"This riveting book . . . underscores the need for creativity, modesty, clinical acumen and cultural sensitivity in response to trauma. One ends up in awe both of the lost and surviving firefighters and their courageous families. And the reader emerges with a profound respect for the extraordinary CSU staff who literally came to their rescue."
Paul A. Kurzman, PhD, ACSW, Professor and Chair of Work, Employment, and Rehabilitation Programs at the Hunter College School of Social Work of the City University of New York
"This remarkable book comprises a major contribution to the crisis treatment literature. Overall, many will benefit from this careful, well documented explication of an approach to disaster counseling over time."
Katherine Shear, MD, Professor of Psychiatry in Social Work, Columbia University School of Social Work
Developing and implementing effective crisis counseling techniques in response to mass trauma
Shortly after the September 11th attacks, as the New York City Fire Department (FDNY) started their recovery work in the ruins of the World Trade Center, a large–scale mental health response within the FDNY swung into action, initiated by staff in the department′s Counseling Services Unit (CSU). FDNY Crisis Counseling: Innovative Responses to 9/11 Firefighters, Families, and Communities tells the story of this ongoing response from the perspective of those who put it into practice.
Using narrative, case studies, and other real–world examples, this unique new resource lays out a roadmap for applying innovative approaches to disaster response and the prevention of Posttraumatic Stress Disorder. The pioneering efforts of the CSU present a model for all mental health professionals working with organizations, communities, individuals, and families.
- A brief history of the CSU
- FDNY culture and the impact of 9/11
- Shaping services to meet 9/11 needs
- Providing help to families, including widows and children
- Partnering with other agencies and cargivers to deliver services
Chapter 1. Introduction.
Chapter 2. Coping with Chaos.
The Counseling Service Unit Pre–9/11.
The CSU Response to 9/11.
Assessing the Community.
Receiving Outside Help.
Connecting with the Firefighting Community.
Connecting with Families.
Defining a Timeline for Your Community.
Chapter 3. Understanding Culture.
Applying cultural Identity to Intervention.
Firefighting History and Tradition in New York City.
The FDNY as a paramilitary Organization.
Everyday Life in the Firehouse.
Rituals and Rank.
Family Ties That Bind.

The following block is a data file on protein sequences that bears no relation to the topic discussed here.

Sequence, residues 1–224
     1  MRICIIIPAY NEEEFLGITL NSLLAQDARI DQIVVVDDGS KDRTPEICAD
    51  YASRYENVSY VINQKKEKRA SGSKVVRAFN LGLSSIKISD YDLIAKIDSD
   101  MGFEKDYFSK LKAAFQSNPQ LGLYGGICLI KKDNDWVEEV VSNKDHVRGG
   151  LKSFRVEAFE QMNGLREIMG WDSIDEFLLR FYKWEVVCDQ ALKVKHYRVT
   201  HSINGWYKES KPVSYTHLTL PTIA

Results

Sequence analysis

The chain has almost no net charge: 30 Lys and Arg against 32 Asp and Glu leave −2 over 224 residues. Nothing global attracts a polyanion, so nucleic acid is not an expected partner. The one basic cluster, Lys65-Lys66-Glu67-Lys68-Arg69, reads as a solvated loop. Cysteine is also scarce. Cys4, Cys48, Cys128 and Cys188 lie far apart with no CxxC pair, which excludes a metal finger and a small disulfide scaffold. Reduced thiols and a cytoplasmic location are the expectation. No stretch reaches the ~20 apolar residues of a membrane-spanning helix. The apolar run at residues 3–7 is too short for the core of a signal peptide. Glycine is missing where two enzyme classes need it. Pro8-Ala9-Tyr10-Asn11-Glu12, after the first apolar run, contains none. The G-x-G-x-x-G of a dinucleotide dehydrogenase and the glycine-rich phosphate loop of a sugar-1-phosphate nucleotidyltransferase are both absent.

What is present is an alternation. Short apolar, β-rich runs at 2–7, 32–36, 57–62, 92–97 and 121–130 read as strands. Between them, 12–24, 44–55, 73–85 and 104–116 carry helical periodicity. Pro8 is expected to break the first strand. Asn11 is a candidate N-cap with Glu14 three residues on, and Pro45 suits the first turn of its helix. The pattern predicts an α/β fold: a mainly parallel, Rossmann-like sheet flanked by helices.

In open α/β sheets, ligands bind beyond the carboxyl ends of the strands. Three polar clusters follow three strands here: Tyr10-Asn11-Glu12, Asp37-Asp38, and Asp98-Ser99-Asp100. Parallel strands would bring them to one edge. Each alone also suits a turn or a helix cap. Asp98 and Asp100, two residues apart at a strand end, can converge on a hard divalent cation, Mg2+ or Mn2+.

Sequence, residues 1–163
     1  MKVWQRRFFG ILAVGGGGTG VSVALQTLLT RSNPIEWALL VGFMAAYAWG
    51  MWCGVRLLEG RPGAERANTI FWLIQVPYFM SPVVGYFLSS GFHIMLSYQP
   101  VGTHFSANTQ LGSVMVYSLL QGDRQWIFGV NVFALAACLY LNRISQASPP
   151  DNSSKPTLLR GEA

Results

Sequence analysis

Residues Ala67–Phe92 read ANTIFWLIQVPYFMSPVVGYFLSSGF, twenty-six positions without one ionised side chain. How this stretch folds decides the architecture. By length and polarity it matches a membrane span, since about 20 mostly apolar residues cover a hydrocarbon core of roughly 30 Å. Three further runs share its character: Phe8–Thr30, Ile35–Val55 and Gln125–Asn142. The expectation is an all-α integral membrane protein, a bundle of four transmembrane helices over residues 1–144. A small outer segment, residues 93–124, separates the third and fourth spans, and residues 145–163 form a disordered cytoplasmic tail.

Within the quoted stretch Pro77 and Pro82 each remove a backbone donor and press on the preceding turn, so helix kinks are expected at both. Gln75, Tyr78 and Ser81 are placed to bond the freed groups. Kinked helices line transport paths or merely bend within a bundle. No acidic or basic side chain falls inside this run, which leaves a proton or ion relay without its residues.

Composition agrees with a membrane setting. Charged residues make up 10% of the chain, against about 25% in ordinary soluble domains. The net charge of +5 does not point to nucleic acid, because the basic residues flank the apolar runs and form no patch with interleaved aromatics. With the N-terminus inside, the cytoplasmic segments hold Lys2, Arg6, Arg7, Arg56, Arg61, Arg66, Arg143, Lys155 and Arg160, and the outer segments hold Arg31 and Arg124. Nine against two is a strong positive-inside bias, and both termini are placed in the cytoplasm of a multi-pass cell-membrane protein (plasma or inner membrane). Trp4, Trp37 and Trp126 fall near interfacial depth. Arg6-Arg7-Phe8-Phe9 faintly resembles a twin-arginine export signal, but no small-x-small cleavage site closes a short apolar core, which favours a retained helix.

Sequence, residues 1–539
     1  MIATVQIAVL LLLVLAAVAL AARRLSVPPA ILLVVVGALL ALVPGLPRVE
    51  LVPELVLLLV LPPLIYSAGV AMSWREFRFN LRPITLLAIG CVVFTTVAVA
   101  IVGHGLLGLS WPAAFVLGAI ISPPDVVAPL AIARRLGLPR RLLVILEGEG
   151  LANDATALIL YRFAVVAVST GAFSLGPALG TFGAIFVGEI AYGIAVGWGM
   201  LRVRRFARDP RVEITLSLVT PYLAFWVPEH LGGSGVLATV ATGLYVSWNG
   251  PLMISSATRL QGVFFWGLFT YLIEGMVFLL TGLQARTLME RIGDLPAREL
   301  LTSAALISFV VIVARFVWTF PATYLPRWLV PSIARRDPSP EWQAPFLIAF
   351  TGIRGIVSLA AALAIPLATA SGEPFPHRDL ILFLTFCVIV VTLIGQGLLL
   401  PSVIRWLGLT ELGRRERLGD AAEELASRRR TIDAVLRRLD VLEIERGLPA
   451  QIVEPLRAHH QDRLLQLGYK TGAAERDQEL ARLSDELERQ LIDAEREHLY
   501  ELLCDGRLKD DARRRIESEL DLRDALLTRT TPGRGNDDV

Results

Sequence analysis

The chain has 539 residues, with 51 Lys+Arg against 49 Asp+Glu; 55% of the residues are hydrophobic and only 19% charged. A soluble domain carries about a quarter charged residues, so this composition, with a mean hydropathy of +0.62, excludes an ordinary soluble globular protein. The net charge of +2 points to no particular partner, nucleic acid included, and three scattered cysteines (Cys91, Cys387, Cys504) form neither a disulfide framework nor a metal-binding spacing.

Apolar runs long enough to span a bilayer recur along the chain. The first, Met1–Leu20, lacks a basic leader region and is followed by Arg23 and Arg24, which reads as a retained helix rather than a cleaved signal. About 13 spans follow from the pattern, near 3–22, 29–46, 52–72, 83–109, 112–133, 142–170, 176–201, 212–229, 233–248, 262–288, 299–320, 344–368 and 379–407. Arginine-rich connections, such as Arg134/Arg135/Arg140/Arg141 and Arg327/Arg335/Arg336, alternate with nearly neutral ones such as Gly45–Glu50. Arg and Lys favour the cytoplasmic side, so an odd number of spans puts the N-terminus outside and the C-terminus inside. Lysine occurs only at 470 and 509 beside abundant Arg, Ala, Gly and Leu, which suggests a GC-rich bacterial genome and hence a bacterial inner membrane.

Heroics, Media, and Politics.
The Brotherhood and Its Loss.
Chapter 4. Shaping Services to Meet Emerging Needs.
Assessment and Planning.
How the Nature of the Event Shapes the response.
Listening and Responding to Emerging Needs.
Strengthening the CSU Identity.
Establishing Provider Networks.
Building a Staff: Both Peer and Professional.
Care for the Caregivers.
Keeping the Machinery Going: Funding and Resource Development.
Thoughts for the Future.
Chapter 5. Providing Help in the Workplace: The Firehouse Clinician Project.
The Mindset of FDNY Firefighters.
The Intervention: Placing Clinicians in Firehouses.
The Population: Defining Who Needed Services.
Selecting and Training Firehouse Clinicians.
The First Visit to the Firehouse.
Revamping Professional Boundaries.
Preparing to Be a Firehouse Clinician.
Termination Countertransference: The time to leave the Firehouse.
Chapter 6. Modifying Psychotherapy for Individuals.
Individual Psychotherapy with Firefighters.
The Parameters of Individual Treatment.
Choosing Individual Psychotherapy.
Implications for Psychotherapy Technique.
Chapter 7. Finding Comfort in Groups.
Why Group Intervention?
Therapy Groups versus Support Groups.
Office–Based Groups: Middle and Later Phase.
Importance of Homogeneity in Group Formation.
Traumatic Bereavement Groups.
A Final Word about Groups.
Chapter 8. Providing a Home–Based Therapeutic Program for Widows and Children.
Understanding the Experience for Mothers and Children.
Developing CSU Services for Bereaved Families.
Creating a Preliminary Model for the Family Program.
Preliminary trauma, Grief, reconstruction Model.
Implementing the Family Program.
Intervention Goals for Children and Adolescents.
Intervention Goals for Adults.
Chapter 9. Strengthening Connections within the Family at Home.
The Impact of Trauma on Relationships.
Reaching Out to families.
Developing an Effective Intervention.
The Couples Connection Weekend.
Chapter 10. Assisting Retirees in Transition.
When the Losses of 9/11 Were compounded by the Loss of a Job.
The Retiree Experience.
The Stay connected Program.
Chapter 11. Conclusion.
Protracted Time Lines.
Community of Grievers.
Crisis Counseling over the Long Haul.
Public versus private Mourning.
The Value of Pre–planning.
DIANNE KANE, DSW, CGP, is Assistant Director of the FDNY Counseling Services Unit, and an adjunct Associate Professor at Hunter College School of Social Work.
GRACE CHRIST, DSW, is Associate Professor at the Columbia University School of Social Work, Director of the Social Work Leadership Development Awards Program of the Project on Death in America, and Director of the FDNY/Columbia University Family Assessment and Guidance Program.
SALLIE LYNCH, MA, is a cultural anthropologist, and was the program coordinator of the FDNY/Columbia University Family Assessment and Guidance Program.
MALACHY CORRIGAN, MA, RN, has been the Director of the FDNY Counseling Services Unit since 1982.